3.1. Site Consistency Test
Cheng and Washington [9] introduced the Site Consistency Test (SCT) as a measure of a HSID method’s consistency over subsequent time periods. It is based on the idea that actual high risk sites will experience consistently elevated accident frequencies, which means that a desirable HSID method should identify as hotspots sites which can be expected to have poor safety performance in subsequent time periods assuming no safety treatments or other changes have been applied. The SCT considers the sites identified as hotspots by method during time period and compares the methods based on the sum of accidents at high risk sites during future time period . The optimal HSID method as determined by the SCT is the one with the greatest number of accidents occurring on the sites identified as high risk by that method during time period . Out of sites, a threshold is defined for each method such that are designated as high risk by each method. For example, with total sites and , 10 sites will be selected by each method under comparison. With sites ranked in order of increasing accident risk, the test statistic for each method is defined by Cheng and Washington [9] as shown below in (9). The best method according to the SCT, then, is that which produces the highest :where is the total number of sites under analysis; is the accident count for site ; is the threshold for high risk sites, defined as the fraction of all sites that are designated high risk; is the HSID method which is being compared; and is the time period of observation.
3.2. Method Consistency Test
Similar to the SCT, the Method Consistency Test (MCT) is based on the notion that actual high risk sites will consistently experience poor safety performance, assuming that operating conditions are similar and that no safety treatments have been applied. However, the MCT estimates the performance of a HSID method by the extent to which the same sites are identified as hotspots over two consecutive time periods. Given hotspots identified by each method , the best performing method is that which identifies the greatest number of hotspots that are consistent between time period and time period . From Cheng and Washington [9], the performance of method is computed as shown in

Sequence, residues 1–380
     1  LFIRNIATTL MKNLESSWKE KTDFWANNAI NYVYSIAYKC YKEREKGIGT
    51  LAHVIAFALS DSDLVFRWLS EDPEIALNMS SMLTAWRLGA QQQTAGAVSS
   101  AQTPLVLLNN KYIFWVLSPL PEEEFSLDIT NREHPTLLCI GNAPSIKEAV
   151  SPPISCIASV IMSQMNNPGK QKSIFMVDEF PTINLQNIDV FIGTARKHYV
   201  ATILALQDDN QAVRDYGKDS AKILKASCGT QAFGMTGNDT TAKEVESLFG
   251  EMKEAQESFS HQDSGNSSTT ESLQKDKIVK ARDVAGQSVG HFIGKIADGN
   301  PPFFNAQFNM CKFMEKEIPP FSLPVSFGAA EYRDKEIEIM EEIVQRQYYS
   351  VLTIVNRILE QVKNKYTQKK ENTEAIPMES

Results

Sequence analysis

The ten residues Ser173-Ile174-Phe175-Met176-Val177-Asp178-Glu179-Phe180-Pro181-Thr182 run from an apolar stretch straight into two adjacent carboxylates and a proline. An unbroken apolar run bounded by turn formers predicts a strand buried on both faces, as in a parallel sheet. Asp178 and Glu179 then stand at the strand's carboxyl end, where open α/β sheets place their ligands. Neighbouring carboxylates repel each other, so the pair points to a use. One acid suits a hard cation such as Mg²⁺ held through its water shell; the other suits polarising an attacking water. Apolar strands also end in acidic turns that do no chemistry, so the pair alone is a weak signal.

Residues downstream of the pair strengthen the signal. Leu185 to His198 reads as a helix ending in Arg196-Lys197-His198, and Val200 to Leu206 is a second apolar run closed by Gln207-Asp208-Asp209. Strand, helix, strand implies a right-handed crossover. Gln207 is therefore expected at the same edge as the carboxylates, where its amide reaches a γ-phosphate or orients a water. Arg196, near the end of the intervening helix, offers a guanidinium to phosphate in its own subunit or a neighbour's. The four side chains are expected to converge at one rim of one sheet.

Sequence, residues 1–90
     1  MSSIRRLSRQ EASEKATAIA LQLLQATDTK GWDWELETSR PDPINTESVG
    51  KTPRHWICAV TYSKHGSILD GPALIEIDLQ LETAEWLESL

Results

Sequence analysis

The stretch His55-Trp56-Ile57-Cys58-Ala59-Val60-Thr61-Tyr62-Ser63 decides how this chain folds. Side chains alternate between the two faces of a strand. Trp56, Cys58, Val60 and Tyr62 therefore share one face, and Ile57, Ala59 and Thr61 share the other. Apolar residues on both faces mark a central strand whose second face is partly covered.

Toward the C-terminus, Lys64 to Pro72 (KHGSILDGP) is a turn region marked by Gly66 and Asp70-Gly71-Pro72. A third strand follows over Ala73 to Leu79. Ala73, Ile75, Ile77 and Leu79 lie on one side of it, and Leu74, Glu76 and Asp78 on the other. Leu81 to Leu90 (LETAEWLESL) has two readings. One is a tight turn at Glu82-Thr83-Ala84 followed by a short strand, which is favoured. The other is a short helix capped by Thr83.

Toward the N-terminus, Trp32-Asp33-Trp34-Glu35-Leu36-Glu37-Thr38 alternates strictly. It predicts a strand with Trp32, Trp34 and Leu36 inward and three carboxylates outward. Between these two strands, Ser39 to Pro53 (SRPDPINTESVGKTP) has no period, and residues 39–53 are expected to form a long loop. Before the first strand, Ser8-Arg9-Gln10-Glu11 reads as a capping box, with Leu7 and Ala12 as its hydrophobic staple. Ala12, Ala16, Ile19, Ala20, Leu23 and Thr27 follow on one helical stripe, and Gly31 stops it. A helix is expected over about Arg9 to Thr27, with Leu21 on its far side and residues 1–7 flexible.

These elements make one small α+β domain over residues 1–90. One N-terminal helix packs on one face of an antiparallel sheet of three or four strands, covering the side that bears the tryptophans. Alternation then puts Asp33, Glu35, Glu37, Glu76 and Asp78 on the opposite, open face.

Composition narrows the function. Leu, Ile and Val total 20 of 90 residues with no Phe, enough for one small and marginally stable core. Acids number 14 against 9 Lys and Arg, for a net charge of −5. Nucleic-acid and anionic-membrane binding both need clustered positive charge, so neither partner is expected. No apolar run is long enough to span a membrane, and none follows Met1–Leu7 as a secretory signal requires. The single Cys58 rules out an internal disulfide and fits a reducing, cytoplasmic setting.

3.3. Total Rank Differences Test
Similar to the MCT, the Total rank Differences Test (TRDT) is a measure of a HSID method’s consistency across multiple time periods, again assuming that none of the sites have undergone safety treatments. However, the TRDT explicitly takes into account the safety performance ranking assigned by each method and estimates performance based on the ranking consistency between subsequent time periods. While the MCT would assign a high score to a method which consistently identifies the same sites in two time periods as being in the top in terms of accident risk, the TRDT considers the relative rankings of all sites identified in time period The performance of each method is calculated as the sum of differences between the rank assigned to all high risk sites in time period and the rank assigned to the same sites in time period . Note that the sites identified in time period are compared by rank in the two time periods whether or not they are identified as high risk in time period . The performance measure for the TRDT is computed as described by Cheng and Washington 2008 [9], shown in where is the rank of site from method for time period .
4. Data Description
The crash dataset used for comparing different HSID methods was collected at 4lane undivided rural segments in Texas as a part of NCHRP 17–29 research project. This dataset records crash data collected on 1,499 undivided rural segments over a fiveyear period from 1997 to 2001. In order to compare different HSID methods using the three criteria, the fiveyear crash data were divided into two time periods, Period 1 (years 1997 and 1998) and Period 2 (years 1999, 2000, and 2001). Table 1 provides the summary statistics for individual road segments in the Texas data for time periods 1 and 2.
 
SD: standard deviation. 
5. Results
5.1. Modeling Results